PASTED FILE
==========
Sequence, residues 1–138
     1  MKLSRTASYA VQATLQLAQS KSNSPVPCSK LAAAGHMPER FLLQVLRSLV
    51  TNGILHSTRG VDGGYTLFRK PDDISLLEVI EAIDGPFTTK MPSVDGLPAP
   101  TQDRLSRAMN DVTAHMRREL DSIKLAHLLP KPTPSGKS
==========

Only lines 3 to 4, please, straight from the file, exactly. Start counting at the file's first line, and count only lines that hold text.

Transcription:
    51  TNGILHSTRG VDGGYTLFRK PDDISLLEVI EAIDGPFTTK MPSVDGLPAP
   101  TQDRLSRAMN DVTAHMRREL DSIKLAHLLP KPTPSGKS